An interdisciplinary and international research team realized the first 4-dimensional simulation of hominin birth, constituting an important methodological advance for paleo-obstetrics. The researchers found that australopithecines gave birth to relatively small brained newborns, implying that they were helpless at birth similar to modern humans and their mothers thus needed the help of group members. Cooperative breeding therefore seems to have evolved secondary to bipedalism and thus prior to the appearance of larger brain sizes in the genus Homo. These results are published the 19th of April in Communications Biology.
Human delivery is traditionally viewed as a complex and difficult event that contrasts to the relatively straightforward and uncomplicated birth of most other mammals. Cephalo-pelvic disproportion is the leading cause of obstructed labour, resulting from a misfit of the relatively large fetal head with the dimensions of the mother’s pelvis, while the convoluted shape of the female birth canal contributes to the unique complexity of human childbirth. As a result, humans give birth to newborns with a relatively small brain size that are neurologically immature (i.e. secondarily altricial).
The emergence of a humanlike birth pattern is traditionally associated with two major events in human evolution: bipedalism, which dramatically reshaped the hominin pelvis to a real birth canal, and encephalization, which led to bigger brain sizes. Because australopithecines retained relatively small brain sizes but already displayed morphological adaptations to bipedalism, they are ideal to investigate these two conflicting evolutionary forces, which are the source of a trade-off known as the "obstetric dilemma".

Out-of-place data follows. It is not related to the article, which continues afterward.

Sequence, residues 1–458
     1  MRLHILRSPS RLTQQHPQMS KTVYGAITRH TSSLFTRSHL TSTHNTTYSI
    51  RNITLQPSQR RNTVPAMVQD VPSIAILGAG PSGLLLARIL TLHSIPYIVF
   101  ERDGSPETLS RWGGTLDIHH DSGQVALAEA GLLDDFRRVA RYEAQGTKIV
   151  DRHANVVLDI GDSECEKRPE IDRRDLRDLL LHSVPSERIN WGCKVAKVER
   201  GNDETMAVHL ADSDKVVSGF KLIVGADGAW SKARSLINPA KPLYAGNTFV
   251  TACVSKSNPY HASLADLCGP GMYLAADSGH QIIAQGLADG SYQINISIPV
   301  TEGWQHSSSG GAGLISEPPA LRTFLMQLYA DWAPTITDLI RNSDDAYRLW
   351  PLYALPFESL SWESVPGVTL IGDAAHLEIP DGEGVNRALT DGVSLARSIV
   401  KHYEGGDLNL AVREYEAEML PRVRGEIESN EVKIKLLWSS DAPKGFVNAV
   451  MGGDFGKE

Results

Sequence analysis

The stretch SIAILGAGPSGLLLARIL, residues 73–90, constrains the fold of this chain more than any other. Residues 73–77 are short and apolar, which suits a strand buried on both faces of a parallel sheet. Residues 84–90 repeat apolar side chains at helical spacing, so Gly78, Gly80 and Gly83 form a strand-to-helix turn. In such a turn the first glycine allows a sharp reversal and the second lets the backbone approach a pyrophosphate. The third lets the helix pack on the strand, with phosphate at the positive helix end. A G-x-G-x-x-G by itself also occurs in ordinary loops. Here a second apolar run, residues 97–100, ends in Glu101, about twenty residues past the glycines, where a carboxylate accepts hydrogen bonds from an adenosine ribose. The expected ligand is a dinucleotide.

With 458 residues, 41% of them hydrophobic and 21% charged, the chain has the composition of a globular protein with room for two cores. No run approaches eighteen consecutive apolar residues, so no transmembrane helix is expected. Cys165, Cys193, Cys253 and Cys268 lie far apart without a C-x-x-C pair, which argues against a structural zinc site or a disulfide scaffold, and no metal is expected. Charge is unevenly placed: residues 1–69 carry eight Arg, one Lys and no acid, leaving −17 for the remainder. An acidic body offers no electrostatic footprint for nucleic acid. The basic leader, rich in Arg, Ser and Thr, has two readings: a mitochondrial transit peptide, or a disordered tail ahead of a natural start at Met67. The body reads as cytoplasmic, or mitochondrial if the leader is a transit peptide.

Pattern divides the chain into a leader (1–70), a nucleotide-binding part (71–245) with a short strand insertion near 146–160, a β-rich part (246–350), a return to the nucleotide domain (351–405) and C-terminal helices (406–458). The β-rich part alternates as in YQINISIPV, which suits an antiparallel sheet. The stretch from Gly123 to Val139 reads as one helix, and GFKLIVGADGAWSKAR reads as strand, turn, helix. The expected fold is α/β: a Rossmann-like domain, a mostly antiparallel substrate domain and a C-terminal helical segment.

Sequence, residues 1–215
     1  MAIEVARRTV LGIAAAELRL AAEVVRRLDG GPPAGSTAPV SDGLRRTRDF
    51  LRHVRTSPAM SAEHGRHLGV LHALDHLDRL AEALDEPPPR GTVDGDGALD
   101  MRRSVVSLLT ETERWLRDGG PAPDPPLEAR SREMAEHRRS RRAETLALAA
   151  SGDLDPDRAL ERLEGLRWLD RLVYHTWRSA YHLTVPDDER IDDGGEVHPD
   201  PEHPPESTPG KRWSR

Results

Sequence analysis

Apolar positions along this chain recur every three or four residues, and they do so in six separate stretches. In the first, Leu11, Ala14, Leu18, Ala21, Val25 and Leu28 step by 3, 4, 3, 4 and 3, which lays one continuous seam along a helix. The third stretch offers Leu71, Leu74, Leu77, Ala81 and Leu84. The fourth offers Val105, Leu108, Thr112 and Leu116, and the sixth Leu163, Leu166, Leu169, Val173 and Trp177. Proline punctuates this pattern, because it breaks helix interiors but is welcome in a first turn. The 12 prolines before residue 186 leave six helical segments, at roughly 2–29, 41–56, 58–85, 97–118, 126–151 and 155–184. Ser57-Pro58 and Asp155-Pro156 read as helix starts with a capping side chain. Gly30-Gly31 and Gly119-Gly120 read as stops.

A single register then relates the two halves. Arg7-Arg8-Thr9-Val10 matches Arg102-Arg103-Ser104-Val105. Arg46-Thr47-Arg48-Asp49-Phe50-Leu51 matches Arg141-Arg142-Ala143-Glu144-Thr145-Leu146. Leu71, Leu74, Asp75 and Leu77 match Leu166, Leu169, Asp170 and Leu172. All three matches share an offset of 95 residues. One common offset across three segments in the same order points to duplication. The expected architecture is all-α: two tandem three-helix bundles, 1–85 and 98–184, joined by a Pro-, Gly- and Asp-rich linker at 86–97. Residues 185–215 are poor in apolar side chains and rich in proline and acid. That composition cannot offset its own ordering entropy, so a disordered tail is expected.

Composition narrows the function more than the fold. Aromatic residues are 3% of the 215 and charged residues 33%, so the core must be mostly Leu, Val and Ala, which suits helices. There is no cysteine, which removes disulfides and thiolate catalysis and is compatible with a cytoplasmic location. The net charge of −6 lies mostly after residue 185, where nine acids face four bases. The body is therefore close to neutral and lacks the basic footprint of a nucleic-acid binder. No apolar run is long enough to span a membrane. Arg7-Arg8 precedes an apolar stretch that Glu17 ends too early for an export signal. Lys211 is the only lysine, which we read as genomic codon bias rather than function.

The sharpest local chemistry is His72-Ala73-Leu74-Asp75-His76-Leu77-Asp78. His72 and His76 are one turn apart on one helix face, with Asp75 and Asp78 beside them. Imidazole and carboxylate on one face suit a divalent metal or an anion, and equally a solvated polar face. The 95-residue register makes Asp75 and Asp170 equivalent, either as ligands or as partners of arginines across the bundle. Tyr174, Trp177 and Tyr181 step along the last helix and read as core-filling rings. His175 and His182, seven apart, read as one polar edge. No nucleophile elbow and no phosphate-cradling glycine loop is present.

The finite-element simulations of childbirth modelled ligamentous laxity at the sacroiliac joint, while three fetal head sizes were considered to reflect the possible range of cranial capacity estimates derived from the literature. Particularly when taking a realistic soft tissue thickness into account, these simulations suggested that, similarly to what happens in humans, australopithecines gave birth to neonates with small brain size. This implies a prolonged neurological maturation of early hominin infants, which in conjunction with cooperative breeding has been regarded as prerequisites for the development of advanced cognitive abilities. These evolutionary processes therefore seem to have been corollary to skeletal adaptations for bipedal locomotion that preceded the appearance of the genus Homo and the dramatical encephalisation that occurred in our species.